And let's face it; didn't a majority of the so called experts also predict huge successes for Windows 8? When looking at the Forrester blog some people associated with this company sure seemed to think so, what to think about Windows 8: Think you can skip it? Think again! (link to Forrester blog post dated March 8, 2012).
Seems people have little problems with skipping it though...
"I also belive that opening it up will kill blackberry."
And I think it will do quite the opposite. In fact, I pick it up as a direct assault on the Windows Phone, and not just that: one which is actually working too. You see; obviously Android and iOS have the biggest market share, but there are plenty of people (like myself) who don't like the idea of allowing Google to "control" their live (think Android) nor like the "overpriced" gadgets which are Apple and in many cases tied into Apple. Please note: this is my opinion on the matter, not saying it's so per definition.
So for those kinds of people the Windows Phone was quite a welcome change, and it started out pretty good as well. But the thing is: it has been going downhill ever since. My gf used to be able to use Messenger on her computer to send me an IM which I could then received on my phone when I was on the road. No more: it's now all Skype, and personally I hate Skype. Not to mention that this option doesn't work as well as it used to.
For us the instant messaging part has become a big deal, together with the option to share some kind of (shopping) list using OneNote which we can then access and modify together.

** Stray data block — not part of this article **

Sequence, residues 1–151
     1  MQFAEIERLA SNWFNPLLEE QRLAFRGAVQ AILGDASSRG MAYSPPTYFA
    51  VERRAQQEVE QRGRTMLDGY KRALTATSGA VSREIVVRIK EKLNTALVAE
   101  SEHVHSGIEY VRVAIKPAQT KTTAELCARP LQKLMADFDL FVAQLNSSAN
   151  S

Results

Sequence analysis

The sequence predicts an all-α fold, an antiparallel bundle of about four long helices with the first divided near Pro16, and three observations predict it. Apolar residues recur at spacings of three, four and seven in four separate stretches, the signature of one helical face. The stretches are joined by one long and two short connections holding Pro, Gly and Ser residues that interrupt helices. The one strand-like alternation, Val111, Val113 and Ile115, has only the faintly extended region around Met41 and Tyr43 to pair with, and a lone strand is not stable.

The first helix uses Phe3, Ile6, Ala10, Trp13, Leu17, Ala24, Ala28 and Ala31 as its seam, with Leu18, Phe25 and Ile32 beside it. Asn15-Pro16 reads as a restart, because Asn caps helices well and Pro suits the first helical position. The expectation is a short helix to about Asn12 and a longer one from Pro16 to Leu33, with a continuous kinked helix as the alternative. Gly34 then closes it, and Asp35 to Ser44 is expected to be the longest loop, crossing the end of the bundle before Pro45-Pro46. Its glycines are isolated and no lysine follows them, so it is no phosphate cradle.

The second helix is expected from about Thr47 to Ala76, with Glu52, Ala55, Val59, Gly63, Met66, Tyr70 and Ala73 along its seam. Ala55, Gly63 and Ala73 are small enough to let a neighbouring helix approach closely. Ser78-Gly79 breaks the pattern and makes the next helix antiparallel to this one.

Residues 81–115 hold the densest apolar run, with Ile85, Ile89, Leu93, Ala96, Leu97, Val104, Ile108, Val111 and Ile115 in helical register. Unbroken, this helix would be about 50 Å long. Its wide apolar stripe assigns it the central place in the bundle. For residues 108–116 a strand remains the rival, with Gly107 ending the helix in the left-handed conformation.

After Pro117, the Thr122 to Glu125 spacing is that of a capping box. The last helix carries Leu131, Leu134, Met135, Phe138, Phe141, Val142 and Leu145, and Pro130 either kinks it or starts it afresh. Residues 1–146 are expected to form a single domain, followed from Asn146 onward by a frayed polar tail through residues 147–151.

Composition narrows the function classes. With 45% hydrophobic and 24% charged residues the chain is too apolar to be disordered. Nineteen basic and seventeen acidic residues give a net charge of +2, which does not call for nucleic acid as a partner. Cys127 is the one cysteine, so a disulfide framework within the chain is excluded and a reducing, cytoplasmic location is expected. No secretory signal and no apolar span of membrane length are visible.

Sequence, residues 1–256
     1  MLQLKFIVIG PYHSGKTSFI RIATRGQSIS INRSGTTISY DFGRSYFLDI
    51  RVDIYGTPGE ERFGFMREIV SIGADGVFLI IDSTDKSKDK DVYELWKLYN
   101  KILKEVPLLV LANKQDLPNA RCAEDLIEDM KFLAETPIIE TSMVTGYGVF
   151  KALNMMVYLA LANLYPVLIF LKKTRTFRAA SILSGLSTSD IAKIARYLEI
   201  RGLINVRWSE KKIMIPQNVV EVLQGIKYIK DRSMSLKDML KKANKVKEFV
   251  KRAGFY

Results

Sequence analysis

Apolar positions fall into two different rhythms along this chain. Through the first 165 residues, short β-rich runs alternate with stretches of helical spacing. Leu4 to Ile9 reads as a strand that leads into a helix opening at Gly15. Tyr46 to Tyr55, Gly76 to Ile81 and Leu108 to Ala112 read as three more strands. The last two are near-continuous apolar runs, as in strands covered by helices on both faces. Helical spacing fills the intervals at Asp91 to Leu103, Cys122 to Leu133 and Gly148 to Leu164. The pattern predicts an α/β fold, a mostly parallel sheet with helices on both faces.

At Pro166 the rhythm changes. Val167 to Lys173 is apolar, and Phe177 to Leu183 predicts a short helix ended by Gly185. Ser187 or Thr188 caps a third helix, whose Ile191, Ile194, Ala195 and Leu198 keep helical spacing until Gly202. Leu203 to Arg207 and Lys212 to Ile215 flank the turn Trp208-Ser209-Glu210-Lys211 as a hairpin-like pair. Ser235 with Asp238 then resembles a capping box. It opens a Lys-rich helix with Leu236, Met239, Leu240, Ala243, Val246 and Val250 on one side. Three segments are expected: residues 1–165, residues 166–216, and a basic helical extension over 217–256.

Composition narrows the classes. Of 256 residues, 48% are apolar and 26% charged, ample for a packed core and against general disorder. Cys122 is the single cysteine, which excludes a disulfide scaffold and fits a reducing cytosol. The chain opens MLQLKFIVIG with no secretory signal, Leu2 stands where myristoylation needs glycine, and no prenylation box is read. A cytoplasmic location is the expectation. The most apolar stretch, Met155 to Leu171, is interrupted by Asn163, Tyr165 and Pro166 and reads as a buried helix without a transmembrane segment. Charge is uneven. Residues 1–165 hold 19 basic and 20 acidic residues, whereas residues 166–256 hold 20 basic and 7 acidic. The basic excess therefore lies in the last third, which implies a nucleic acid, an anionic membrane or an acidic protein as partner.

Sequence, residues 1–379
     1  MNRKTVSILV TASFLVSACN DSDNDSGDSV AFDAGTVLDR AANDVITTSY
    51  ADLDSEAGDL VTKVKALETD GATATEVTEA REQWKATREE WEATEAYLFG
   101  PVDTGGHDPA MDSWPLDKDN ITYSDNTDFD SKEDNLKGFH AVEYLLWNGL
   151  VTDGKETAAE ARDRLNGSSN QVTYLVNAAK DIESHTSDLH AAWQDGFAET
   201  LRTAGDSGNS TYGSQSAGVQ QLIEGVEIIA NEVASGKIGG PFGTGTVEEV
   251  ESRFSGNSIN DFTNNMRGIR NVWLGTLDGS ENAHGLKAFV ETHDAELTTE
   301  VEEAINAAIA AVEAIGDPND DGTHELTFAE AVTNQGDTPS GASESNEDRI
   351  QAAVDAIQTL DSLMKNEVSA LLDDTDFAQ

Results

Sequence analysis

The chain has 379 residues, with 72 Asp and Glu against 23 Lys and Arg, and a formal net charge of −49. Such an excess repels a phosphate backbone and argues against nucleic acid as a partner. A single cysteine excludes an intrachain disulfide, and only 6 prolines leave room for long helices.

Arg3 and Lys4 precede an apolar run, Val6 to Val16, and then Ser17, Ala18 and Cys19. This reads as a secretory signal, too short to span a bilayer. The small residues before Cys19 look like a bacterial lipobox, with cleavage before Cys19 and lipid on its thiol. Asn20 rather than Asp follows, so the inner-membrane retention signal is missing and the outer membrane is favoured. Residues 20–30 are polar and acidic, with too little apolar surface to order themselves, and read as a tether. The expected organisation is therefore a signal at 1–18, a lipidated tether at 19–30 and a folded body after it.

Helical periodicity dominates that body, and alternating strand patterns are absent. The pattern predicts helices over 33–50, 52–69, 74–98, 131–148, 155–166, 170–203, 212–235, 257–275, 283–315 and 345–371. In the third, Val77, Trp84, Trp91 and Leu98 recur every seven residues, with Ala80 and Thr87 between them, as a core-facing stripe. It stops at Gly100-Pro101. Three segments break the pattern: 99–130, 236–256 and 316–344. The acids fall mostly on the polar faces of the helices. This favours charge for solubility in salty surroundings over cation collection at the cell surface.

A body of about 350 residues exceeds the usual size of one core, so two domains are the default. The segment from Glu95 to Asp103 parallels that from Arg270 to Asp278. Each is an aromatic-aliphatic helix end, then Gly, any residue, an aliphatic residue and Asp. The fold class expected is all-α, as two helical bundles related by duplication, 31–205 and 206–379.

Well, BBM (link to Blackberry BBM page) looks like a very interesting replacement to me. And although OneNote (link to Office OneNote page) isn't available for the Blackberry right now a lot can happen in a year. And even if it doesn't there maybe other solutions available as well.
So... I'm a Windows phone user and right now I'm now looking at Blackberry as a possible replacement for my phone next year. That wouldn't have happened otherwise.
At least they're now honest about it...
"There is what I call the creepy line. The Google policy on a lot of things is to get right up to the creepy line and not cross it."
I think Google will also have no problems with possibly crossing said line either, in my opinion I think they're doing so anyway. The only problem is when they get caught. But then again, a company with a bank account of that magnitude will also have little problems coughing up any fines which the authorities can dish out.
Even so, I actually prefer this attitude than the previous one of "do no evil", one which has often been proven to be bogus. At least they're honest about it.
So the bottom line is simple; if you care for your privacy, if you can sometimes extend that care into a "paranoid bordering opinion" then its best to avoid Google, which means also not to consider getting a Google Glass. Its perfectly doable too; I don't got an Android smartphone, I don't use gmail or any other of their services. The only thing I do sporadically use is their search engine, and their webmaster tools.